Moon and Spica

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Moon and Spica

A planet known as Theia may be the most important world you’ve never heard of. No one has ever seen it — and no one ever will. Yet we see its possible handiwork almost every day: the Moon. Current thinking says Theia slammed into Earth when our planet was still an infant. The impact blasted out material that soon came together to form the Moon.

Most scientists agree on that basic outline. But they’ve been debating the details for decades: the size of Theia, the fate of Theia itself, the timing of the Moon’s formation, and much more.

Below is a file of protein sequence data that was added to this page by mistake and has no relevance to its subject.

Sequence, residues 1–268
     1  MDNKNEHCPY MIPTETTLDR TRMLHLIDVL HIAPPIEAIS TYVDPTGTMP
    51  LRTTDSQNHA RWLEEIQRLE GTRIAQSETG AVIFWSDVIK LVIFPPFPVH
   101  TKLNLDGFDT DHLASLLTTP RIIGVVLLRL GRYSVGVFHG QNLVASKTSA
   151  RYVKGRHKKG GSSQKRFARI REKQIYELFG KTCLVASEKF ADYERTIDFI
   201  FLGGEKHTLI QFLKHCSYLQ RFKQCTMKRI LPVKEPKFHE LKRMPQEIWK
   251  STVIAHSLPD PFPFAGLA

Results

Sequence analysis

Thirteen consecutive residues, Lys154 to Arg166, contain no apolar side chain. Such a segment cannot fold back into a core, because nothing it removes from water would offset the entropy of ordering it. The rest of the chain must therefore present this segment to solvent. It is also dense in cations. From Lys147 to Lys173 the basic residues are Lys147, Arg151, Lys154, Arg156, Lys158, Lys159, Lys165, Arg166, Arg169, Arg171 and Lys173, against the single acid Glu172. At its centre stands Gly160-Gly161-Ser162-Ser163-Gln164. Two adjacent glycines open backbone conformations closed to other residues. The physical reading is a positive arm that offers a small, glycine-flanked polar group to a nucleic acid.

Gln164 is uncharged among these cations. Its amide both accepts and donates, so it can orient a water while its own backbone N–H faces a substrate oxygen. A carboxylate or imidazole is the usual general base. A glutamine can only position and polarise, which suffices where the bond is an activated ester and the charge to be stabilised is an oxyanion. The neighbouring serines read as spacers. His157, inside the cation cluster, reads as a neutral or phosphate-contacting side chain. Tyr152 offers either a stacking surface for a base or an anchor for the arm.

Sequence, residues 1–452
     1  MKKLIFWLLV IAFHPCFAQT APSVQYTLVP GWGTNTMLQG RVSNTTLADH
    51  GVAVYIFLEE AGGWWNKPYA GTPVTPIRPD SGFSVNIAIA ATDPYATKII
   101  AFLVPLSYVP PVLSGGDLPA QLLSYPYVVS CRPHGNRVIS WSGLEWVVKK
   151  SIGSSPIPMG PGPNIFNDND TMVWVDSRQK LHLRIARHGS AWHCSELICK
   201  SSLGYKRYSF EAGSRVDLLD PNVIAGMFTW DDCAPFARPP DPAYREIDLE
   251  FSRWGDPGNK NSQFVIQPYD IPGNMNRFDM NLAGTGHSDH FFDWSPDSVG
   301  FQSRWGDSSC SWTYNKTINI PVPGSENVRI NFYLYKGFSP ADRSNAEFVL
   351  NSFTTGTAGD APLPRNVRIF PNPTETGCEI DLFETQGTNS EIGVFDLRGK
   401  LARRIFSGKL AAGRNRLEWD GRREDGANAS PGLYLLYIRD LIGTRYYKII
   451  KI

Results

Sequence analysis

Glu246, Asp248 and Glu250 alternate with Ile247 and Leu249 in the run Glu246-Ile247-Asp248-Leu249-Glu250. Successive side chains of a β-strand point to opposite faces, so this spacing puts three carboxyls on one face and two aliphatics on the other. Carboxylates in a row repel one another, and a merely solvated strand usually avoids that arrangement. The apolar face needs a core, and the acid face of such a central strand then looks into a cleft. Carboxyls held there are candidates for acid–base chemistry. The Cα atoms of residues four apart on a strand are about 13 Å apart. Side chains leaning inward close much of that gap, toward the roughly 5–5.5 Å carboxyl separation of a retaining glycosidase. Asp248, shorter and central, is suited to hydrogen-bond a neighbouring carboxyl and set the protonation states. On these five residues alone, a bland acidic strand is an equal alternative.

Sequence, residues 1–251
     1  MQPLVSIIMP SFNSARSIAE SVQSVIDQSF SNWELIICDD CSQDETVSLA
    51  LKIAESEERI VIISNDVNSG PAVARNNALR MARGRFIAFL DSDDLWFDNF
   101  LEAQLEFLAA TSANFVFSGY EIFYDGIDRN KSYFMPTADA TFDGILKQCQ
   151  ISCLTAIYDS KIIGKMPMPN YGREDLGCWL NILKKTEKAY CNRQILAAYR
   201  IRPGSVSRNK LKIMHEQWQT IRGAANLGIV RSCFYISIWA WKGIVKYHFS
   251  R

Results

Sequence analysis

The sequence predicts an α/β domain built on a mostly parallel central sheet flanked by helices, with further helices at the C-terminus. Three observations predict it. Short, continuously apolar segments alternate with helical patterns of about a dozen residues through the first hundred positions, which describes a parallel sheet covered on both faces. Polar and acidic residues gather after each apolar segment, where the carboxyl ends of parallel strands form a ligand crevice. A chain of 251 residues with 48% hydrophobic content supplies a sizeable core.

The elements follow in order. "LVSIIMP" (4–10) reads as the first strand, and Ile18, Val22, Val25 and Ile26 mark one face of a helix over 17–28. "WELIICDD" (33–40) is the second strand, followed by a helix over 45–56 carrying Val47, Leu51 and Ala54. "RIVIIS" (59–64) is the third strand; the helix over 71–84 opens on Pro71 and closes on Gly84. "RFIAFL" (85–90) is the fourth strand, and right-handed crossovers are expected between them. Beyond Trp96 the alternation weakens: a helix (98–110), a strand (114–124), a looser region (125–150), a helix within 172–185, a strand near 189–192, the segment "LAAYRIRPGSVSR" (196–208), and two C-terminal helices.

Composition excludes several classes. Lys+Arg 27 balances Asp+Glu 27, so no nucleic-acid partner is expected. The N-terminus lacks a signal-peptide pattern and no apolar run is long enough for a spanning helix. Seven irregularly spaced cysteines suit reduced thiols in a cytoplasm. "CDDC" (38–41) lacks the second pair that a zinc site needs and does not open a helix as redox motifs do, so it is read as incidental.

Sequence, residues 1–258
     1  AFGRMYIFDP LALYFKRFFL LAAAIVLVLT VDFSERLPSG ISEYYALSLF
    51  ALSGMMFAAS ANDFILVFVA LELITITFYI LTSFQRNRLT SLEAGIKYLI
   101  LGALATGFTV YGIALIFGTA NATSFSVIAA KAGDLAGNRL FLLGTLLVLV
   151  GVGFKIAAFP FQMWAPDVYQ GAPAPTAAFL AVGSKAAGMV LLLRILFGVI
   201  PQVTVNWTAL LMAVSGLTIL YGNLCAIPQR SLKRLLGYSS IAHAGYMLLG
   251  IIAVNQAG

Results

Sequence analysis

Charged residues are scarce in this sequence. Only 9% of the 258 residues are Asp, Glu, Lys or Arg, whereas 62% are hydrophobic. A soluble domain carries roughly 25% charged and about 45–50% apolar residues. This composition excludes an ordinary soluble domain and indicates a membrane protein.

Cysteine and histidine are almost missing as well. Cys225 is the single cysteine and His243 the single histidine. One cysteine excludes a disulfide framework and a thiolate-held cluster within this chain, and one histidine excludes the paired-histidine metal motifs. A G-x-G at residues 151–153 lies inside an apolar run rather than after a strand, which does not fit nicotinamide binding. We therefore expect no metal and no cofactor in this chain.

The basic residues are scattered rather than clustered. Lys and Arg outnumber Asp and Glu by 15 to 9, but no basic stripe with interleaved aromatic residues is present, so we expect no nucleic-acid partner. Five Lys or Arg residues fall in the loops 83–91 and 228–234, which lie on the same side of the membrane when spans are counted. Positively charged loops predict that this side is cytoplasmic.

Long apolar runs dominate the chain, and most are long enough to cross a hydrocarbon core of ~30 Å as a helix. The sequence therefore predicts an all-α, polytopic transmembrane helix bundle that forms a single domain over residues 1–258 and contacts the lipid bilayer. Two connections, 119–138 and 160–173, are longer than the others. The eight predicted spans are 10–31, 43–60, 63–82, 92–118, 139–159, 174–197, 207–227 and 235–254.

The original scenario said Theia probably was about the size of Mars — roughly half the diameter of Earth. A recent study, though, has suggested it could have been almost as big as Earth itself.

Models of what happened to Theia have been all over the place. Some recent ones suggest that its core joined with Earth’s, making Earth’s final core unusually big. In addition, parts of the mantle could have sunk into Earth’s mantle, forming big blobs of dense rock.

The Moon probably took shape fairly quickly — in as little as a few years. And one recent model said it could have happened in a matter of hours.

No matter how long it took, you can see the result tonight: the Moon. It has a bright companion: Spica, the brightest star of Virgo. It’s quite close to the lower right of the Moon — the possible creation of the most important planet you’ve never heard of.

Script by Damond Benningfield

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